Teach binary at primary? Surely not…

I did not think that I would ever find myself suggesting that teaching binary in primary schools could be a good idea. Then I came across a freely available e-book, Computer Science Unplugged, which includes some excellent activities. I especially liked the binary cards where you can start exploring this amazing number system without ever mentioning the “b” word. It is a very short step from making (decimal) numbers up by adding numbers of dots together, to writing them in their binary form. But if that is a step too far, then you can still use the cards to explore various number patterns that are important in computing. For a short TES blog article and links to relevant resources, see www.bit.ly/1tUSIit.

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Skills, characteristics and staying safe

E-safety education needs to be proactive rather than simply reactive and given the rate of change of technologies and services and with the steady drip feed of new crazes and avenues for children and young people to put themselves at risk, we cannot get away with just teaching about specific known hazards. I decided to try and compile a list or a mapping of personal & social skills that contribute towards e-safety, having been struck by the extent to which initiatives like SEAL (social and emotional aspects of learning) and PHSE are often dealing with things that lie at the heart making someone truly e-safe. It includes some links to associated resources and I hope it will prove a useful reference and communication tool. You can view and download a copy of the document, which has been released under a Creative Commons licence, at the Education Vision website.

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Name change from ICT to Computing

Although the rest of the curriculum consultation process is still being worked through, the Government has decided to go ahead with changing the name in the National Curriculum from ICT to Computing. They have now issued a consultation document for this aspect only and will move ahead with the temporary disapplication of much of the National Curriculum to allow schools to start introducing new aspects to what they teach.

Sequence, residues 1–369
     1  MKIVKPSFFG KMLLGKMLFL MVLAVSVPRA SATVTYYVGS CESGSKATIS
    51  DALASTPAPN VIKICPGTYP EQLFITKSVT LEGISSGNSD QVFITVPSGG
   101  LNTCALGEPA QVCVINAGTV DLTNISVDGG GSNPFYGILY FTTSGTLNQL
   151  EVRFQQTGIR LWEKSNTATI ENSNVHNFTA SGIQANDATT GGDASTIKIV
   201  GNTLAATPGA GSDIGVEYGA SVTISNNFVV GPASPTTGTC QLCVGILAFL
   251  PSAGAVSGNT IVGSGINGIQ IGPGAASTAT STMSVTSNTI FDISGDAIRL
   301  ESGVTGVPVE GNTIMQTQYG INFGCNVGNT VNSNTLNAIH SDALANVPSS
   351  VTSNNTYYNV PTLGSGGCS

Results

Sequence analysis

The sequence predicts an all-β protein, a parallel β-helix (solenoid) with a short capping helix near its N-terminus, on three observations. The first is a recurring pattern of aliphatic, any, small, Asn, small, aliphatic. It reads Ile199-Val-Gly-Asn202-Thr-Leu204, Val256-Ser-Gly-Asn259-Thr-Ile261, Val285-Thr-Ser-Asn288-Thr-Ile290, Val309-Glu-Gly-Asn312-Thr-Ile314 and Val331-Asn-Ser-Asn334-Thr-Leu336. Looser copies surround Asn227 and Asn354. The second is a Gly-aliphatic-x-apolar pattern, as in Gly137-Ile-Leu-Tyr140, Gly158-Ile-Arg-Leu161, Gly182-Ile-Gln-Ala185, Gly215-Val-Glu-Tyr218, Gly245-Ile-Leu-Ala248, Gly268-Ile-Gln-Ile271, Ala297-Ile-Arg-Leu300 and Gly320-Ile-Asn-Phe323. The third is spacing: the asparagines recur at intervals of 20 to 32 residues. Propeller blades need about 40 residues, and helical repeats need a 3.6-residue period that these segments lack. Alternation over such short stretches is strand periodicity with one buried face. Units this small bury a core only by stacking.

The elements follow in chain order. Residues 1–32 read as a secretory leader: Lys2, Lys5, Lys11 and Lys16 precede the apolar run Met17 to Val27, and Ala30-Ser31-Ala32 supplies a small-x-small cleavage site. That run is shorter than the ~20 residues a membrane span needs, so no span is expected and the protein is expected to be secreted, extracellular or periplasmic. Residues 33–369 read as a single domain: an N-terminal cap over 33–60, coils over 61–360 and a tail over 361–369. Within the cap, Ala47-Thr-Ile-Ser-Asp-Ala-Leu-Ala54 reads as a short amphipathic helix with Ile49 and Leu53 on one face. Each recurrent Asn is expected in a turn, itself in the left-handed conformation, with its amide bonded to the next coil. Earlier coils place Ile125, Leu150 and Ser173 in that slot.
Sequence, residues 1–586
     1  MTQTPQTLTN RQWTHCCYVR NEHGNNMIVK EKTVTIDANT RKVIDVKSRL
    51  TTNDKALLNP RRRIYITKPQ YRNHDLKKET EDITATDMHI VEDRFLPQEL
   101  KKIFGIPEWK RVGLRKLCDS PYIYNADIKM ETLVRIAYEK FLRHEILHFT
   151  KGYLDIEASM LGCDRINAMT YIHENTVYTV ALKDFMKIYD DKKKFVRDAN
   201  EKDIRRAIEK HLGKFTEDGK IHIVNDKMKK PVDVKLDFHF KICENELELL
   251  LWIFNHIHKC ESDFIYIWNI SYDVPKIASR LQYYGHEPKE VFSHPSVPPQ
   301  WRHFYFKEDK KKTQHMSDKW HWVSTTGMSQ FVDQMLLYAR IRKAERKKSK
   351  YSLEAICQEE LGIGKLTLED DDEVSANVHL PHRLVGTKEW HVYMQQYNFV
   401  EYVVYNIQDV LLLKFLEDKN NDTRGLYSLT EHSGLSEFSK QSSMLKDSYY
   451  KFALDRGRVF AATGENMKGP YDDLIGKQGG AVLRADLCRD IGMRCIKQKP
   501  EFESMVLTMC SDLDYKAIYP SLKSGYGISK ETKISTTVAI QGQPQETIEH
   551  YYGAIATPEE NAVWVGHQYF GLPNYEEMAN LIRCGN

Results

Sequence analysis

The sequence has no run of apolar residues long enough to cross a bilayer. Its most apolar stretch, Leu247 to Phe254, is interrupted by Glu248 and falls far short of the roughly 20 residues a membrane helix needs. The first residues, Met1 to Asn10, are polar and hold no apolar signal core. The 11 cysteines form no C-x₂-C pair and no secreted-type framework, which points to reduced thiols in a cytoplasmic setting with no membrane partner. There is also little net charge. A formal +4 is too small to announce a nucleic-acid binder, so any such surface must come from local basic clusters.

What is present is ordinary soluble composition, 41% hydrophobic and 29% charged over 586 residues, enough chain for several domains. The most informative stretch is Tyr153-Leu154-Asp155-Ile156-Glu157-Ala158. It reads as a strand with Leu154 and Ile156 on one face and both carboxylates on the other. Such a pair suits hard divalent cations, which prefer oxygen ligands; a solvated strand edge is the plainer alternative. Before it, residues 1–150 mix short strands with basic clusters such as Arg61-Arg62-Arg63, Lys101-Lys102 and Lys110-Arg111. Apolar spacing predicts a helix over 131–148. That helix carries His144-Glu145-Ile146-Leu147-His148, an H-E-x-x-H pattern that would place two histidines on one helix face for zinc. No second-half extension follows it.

Personally, I am disappointed at the prospect of another name change in this subject area, which is only likely to further distance and confuse parents, carers and members of the public. The key fight however, remains with the detail of the new National Curriculum (currently in draft form), to ensure that we end up with high quality, fit for purpose programmes of study. Computing could end up being a huge step forward or a giant leap backwards, although it is perhaps most likely to be a bit of a muddle that professionals on the ground will need to take control of and sort out. And whatever happens with the curriculum, it won’t address the issue of the available pool of specialist teachers to teach the subject and in the short term it can only make this problem worse.

However, change always brings new opportunities and it is these that I am looking forward to!

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ICT National Curriculum consultation (UK)

If you want to let the Government know your views on the proposed changes to the ICT curriculum, including the change of name to Computing, you have until the 16 April 2013 to respond. The draft programme of study and the response form can be downloaded from the DfE website.

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